Govs. Ron DeSantis, Chris Sununu, Greg Gianforte and Greg Abbott announced that they are bringing their National Guard troops back from Washington, D.C., after reports they were posted up in a parking garage near the Capitol to rest during their shifts, a move that caused outrage at the treatment of the servicemembers.
The U.S. Capitol Police (USCP) ordered the troops to move their rest area during their 12-hour shifts from inside the Capitol to the Thurgood Marshall Judicial Center parking garage, the National Guard said Friday.
But Acting USCP Chief Yogananda Pittman pushed back on that assertion in a statement.
"I want to assure everyone that, with the exception of specific times on Inauguration Day itself while the swearing-in ceremonies were underway, the United States Capitol police did not instruct the National Guard to vacate the Capitol Building facilities," Pittman said. "And on Inauguration Day, the Guard was notified and encouraged to reoccupy the spaces in the Capitol and CVC at 2 p.m."
Pittman continued: "It was brought to our attention early today that facility management with the Thurgood Marshall Judicial Office Building reached out directly to the National Guard to offer use of its facilities."
Sen. James Inhofe, R-Okla., seemed to make sense of the competing narratives Friday.
"There was one uniformed police officer who issued an order without authority or without going through the chain of command and I'm glad the Capitol Police and the Guard are talking and trying to figure this out," Inhofe said. "We are going to be able to identify who that person was."
Senate Majority Leader Chuck Schumer, D-N.Y., earlier in the day said that the order for troops to move their rest area hadn't come down from "on high."
The location for troops' rest breaks was changed back early Friday, with troops now authorized by the U.S. Capitol Police Watch Commander to take their breaks near Emancipation Hall.
"We remain an agile and flexible force to provide for the safety and security of the Capitol and its surrounding areas," a National Guard Bureau spokesperson said. "Our troops are going to hotel rooms or other comfortable accommodations at the end of their shifts."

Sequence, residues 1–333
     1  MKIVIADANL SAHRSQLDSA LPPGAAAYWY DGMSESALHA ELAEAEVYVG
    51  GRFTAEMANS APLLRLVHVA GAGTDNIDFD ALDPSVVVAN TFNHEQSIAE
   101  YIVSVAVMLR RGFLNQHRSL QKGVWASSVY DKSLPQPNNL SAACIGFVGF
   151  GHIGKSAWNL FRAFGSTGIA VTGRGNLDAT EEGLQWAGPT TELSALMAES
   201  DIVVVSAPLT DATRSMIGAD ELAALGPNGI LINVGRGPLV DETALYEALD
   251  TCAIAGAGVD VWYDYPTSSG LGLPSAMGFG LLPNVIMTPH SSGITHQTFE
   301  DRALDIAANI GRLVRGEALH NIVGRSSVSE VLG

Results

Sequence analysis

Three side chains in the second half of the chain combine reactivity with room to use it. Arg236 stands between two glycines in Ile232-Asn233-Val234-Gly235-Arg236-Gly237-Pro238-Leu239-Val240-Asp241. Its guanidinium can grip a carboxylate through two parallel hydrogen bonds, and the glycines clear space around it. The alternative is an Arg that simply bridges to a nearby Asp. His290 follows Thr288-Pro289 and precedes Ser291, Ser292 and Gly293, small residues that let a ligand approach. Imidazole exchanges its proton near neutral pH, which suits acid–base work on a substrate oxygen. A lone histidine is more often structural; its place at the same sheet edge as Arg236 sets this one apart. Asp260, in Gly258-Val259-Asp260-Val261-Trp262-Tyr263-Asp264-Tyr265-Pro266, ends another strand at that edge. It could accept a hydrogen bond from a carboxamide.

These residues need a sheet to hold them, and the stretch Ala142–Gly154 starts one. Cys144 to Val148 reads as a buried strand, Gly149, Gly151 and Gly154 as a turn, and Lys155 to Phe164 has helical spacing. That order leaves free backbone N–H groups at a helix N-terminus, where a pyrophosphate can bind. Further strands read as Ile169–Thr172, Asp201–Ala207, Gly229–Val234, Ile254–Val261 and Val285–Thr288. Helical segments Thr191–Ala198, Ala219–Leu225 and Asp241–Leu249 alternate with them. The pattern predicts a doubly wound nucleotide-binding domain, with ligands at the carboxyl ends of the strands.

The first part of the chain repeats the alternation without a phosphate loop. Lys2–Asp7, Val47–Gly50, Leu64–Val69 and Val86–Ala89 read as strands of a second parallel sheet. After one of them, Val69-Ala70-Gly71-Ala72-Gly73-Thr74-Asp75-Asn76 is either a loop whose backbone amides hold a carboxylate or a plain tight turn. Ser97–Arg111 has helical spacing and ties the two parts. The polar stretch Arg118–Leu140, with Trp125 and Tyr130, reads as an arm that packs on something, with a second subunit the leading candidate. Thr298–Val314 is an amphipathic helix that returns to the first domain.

But DeSantis, a Republican, is still bringing Florida's National Guard back to the Sunshine State.
"Last night, I ordered our Adjutant General to bring Florida National Guard soldiers home from the National Capital Region," he said in a tweet Friday.
On "Fox & Friends," reacting to the controversy, DeSantis also decried background checks of National Guard troops for radicalism ahead of the inauguration and called the massive effort to protect the Capitol a "half-cocked mission at this point."
DeSantis' move follows a similar decision from Abbott, also a Republican.
"I have instructed General Norris to order the return of the Texas National Guard to our state," Abbott tweeted late Thursday. Abbott had also previously lodged a similar objection to DeSantis over the background checks into National Guard servicemembers.
Sununu, the GOP governor from New Hampshire, also announced he is recalling his state's National Guard, saying the soldiers "should be graciously praised, not subject to substandard conditions." But the outrage at the soldiers being sent to rest in a garage was hardly partisan.
"If this is true, it's outrageous," Senate Minority Leader Chuck Schumer, D-N.Y., said in response to an initial report on the situation by Politico. "I will get to the bottom of this."
Gianforte, the Republican governor of Montana, also ordered his National Guard home, declaring their "mission complete."
Also condemning the situation were Sens. Tim Kaine, D-Va.; Tom Cotton, R-Ark.; Joni Ernst, R-Iowa; Jeff Merkley, D-Ore.; John Boozman, R-Ark.; and Maggie, Hassan, D-N.H., among other senators and a litany of House members.
Merkley specifically offered his office's conference rooms and bathrooms to guard members. The U.S. Capitol Police said in a statement earlier Friday that it "immensely appreciates" the National Guard's assistance in recent days.
"The United States Capitol Police immensely appreciates the integral support of the U.S. National Guard in helping to secure the Capitol Complex leading up to, and including the Inaugural ceremony. The Department is grateful for their service and our strong partnership during this time," the U.S. Capitol Police said in a statement.
It continued: "The Department’s request for National Guard assistance included a specific number of personnel to allow the National Guard to provide, at a minimum, 12 hours of off-campus rest time for the troops, and understood that this would be carried out throughout their deployment."
"Recently, the Department requested that the troops’ schedules be changed so they work no more than 8-hour shifts to allow for more off-campus rest time post-Inauguration," the U.S. Capitol Police added. "The Guard is reviewing the request so that logistics and schedules can be adjusted."
The increased threat level to the Capitol came after a pro-Trump mob stormed and ransacked the building on Jan. 6, as members sat in a joint session to certify the presidential election results.
Former Vice President Mike Pence, along with hundreds of lawmakers, were forced to hide from the mob.
Fox News' Brie Stimson, Chad Pergram and Lucas Tomlinson contributed to this report.